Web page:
French beans need a warm, sunny spot in well-drained soil. They are a tender crop that doesn’t like frost or cold temperatures. Fork in some well-rotted manure before you sow your beans.
Climbing French beans will crop continually into September, but dwarf French bean plants crop only over a few weeks, so you may want to make an additional later sowing.
For an early crop you can sow indoors in late April to early May. Use small pots, sowing one bean per pot 5cm (2in) deep. After hardening off (acclimatising) the young plants you can plant them outside at the end of May/begining of June after risk of frost has passed.
If temperatures are warm in May, you can sow outdoors, but seedlings may need some protection (such as fleece) at night. Sow into pots or directly into the ground.
Use small pots, sowing one bean per pot 5cm (2in) deep. Place the pots outside in a cold frame or another sheltered, warm position. Once the beans reach 8cm (3in) tall you can plant them out into their final positions after the risk of frost has passed in late May/early June.
Sow directly into the open ground when soil temperatures are warm enough. More sowings of dwarf varieties can be sown directly in the ground in June and July, for an early autumn crop.
Dwarf French beans
These grow to about 45cm (18in) tall and are best grown in small blocks, where neighbouring plants provide support. Space plants 15cm (6in) apart.
If you are caught out by an unexpected cold snap after planting, cover the plants with fleece or newspaper until it is warmer.
When plants are flowering, water well during periods of dry weather. Placing a mulch of well-rotted manure or mushroom compost around the plants in July can help conserve soil moisture.
Climbing French beans
These need a support to climb up. The traditional method is to grow them along a double row of bamboo canes (use 1.8m/6ft tall canes), with 45cm (18in) between the rows. Place the bamboo canes 15cm (6in) apart within each row and slope them inwards and then tie near the top to a horizontal cane.
If you don’t have room for rows of canes, you can also make wigwams. Again, use 1.8m (6ft) tall canes and use four or five canes per wigwam, spacing each cane 15cm (6in) at the ground. Tie the tops of the canes together. Growing beans up wigwams is a good method for container growing.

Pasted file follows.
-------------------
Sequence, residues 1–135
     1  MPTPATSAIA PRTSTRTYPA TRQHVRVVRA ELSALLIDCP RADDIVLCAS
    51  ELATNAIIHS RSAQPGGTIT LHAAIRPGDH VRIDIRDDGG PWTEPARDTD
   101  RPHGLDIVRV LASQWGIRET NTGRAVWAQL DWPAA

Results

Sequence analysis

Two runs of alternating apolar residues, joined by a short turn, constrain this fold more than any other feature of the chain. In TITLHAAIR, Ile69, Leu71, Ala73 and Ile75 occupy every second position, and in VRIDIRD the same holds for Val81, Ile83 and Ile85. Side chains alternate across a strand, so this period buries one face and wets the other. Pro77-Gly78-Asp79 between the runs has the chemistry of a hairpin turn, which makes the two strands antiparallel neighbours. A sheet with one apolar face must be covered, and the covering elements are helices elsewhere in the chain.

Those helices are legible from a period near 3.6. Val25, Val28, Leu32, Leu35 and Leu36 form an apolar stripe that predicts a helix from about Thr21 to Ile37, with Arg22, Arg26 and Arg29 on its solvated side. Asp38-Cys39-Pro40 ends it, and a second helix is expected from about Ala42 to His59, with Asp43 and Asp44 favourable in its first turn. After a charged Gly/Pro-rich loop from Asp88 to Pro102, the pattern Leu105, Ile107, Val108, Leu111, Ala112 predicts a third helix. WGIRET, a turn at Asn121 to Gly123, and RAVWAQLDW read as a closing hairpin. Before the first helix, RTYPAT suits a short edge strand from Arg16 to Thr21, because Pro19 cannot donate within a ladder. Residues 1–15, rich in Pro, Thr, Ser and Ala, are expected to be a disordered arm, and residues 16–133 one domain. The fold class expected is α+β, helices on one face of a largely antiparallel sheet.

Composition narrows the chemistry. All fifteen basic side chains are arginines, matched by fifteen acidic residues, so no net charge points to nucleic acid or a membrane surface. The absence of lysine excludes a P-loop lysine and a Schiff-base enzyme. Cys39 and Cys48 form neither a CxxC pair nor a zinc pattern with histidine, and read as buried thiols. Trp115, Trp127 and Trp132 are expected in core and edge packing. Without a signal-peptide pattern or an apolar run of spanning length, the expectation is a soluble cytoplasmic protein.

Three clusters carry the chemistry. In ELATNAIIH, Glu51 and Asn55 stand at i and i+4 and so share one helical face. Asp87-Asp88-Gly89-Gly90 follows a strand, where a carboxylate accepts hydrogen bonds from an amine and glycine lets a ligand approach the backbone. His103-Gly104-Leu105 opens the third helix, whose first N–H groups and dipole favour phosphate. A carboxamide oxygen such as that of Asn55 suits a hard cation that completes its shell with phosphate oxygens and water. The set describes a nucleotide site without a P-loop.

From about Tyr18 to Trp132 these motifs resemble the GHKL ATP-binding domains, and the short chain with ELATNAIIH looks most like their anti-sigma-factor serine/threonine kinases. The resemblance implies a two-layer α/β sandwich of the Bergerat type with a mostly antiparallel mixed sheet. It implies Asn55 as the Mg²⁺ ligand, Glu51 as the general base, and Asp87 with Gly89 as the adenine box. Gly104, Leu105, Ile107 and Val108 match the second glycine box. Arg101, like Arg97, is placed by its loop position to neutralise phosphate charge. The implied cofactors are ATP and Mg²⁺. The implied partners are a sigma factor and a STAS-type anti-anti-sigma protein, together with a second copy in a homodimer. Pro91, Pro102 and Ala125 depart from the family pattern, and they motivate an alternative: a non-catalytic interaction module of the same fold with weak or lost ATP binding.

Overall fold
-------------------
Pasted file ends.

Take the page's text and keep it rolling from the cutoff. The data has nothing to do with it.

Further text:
No matter which method you choose, plant one bean plant at the base of each cane, and loosely tie the shoots to the cane.
Slugs and snails: These feed on the young seedlings and you'll see the tell tale slime trail on the soil around your crop, as well as on the leaves.
Remedy: There are many ways to control slugs and snails, including beer traps, sawdust or eggshell barriers, copper tape and biocontrols.
More info on Slugs and snails
Birds: Birds, especially pigeons, can cause an array of problems including eating seedlings, buds, leaves, fruit and vegetables.
Remedy: Protect the plants from birds by covering them with netting or fleece. Scarecrows and bird-scaring mechanisms work for a while, but the most reliable method of protection is to cover plants with horticultural fleece or mesh.
More info on Birds
Black bean aphid: Sap-sucking aphids will disfigure plants and cause stunting to leaves and stems.
Remedy: In the case of broad beans, pinch out infested tips. On other beans, catch populations when small and squash.
More info on Black bean aphid
Begin picking the pods when they are 10cm (4in) long. Pods are ready when they snap easily and before the beans can be seen through the pod. By picking regularly you can crop dwarf French beans plants for several weeks and climbing French beans for much longer.
A simple summer salad of French beans atop mozzarella slices with an unusual yoghurt dressing.
‘Kenyan Bean’ AGM:This dwarf bean produces slender, stringless pods. They are tender, easy to prepare and delicious.
‘Algarve’ AGM:A climbing bean with straight, flat, mid-green pods and totally stringless.
‘Golden Gate’:An attractive golden-yellow climbing bean which produces a heavy crop over a long season.
‘Purple Teepee’:A dwarf bean with pretty purple pods. They turn green when cooked.